• To go into more detail: In China, where ruling dynasties have historically reigned for hundreds of years at a time, the one dynasty that tried to rule by the (literal) book lasted for some 15 years, and no, that's not missing a few zeroes.
      • To the credit of the Qin Dynasty(said 15 year reign regime), the arbitrary cruelty didn't arise until its founder died and was replaced by an incompetent ruler who had bad advice fed to him by a scheming Evil Chancellor. Before then, it was still harsh by today's standards, but not overly and unnecessarily so, though later Chinese sources (especially Qin's successor Dynasty, Han) would claim otherwise.
      • To go into even more detail, the revolution supposedly started when the first group of soon-to-be rebels realized they were going to be executed for arriving somewhere late anyway, and had nothing to lose. Armies and cities started switching sides pretty soon after, and the inevitable war between the rebel groups lasted longer than the actual rebellion.
    • Plato's Republic also argues that democracy, rule of the "hoi polloi" (unwashed masses) is tantamount to mob rule and the best way to go is rule by an enlightened monarch (philosopher-king).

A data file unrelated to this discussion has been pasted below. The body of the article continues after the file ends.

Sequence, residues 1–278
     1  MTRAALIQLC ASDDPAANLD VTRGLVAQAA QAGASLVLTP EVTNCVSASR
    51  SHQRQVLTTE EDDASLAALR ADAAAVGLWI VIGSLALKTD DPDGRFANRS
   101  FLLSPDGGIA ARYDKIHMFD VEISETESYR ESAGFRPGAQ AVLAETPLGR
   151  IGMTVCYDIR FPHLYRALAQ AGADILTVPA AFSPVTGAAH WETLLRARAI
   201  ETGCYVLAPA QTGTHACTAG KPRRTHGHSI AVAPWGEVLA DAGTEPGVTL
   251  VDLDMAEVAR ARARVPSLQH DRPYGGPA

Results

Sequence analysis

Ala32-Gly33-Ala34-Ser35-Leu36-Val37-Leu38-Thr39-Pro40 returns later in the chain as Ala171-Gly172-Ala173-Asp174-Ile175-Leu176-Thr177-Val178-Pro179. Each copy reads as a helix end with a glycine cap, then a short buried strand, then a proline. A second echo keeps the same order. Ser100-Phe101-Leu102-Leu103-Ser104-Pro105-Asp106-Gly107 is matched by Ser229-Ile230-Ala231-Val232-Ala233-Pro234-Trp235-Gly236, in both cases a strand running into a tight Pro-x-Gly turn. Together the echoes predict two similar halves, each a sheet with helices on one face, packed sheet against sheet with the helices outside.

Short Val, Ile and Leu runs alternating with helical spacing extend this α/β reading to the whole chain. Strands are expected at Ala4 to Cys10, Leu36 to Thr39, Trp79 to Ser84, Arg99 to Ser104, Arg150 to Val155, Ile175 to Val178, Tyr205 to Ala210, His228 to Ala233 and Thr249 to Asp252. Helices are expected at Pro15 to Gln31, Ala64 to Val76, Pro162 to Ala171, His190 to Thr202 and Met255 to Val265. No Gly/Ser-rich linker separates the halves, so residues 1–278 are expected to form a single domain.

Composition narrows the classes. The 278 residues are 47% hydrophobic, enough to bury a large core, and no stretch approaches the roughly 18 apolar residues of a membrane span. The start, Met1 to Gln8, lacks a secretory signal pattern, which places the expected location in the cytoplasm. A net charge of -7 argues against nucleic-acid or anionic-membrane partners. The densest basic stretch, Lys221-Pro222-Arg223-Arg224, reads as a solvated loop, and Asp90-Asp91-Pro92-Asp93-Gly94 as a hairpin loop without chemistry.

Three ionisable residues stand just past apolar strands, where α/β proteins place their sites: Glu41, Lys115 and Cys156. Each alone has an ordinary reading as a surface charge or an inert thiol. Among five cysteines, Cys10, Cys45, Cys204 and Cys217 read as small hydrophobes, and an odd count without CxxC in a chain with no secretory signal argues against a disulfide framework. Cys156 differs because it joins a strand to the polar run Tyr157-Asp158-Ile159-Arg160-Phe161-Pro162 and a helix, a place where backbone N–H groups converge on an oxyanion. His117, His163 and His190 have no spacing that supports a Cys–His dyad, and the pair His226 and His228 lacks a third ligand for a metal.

• Plato held democracy in very low esteem, and proposed that the ideal state would be an oligarchic meritocracy controlled by an elite class of philosopher-governors, maintaining order through the command of a standing army that would serve as both internal police and defense against foreign enemies. (Of course, there may be an element of self-interest in his idea that the best rulers would be people very much like him.)
  • In many cases, The Internet and online gaming. Let everyone be free, you get the effects of GIFT. The usual method of maintaining civility on sites that care about protecting it is to maintain dictatorships that firmly squash feuds before they get out of hand and ban invaders from 4chan on arrival. (Others, like the aforementioned imageboard, embrace the mad anarchy and free exchange of ideas, insults and badly-drawn shock porn.)
    • Even in some games and community that have such things, a lot of people just laugh at the thought of getting banned for whatever reasons.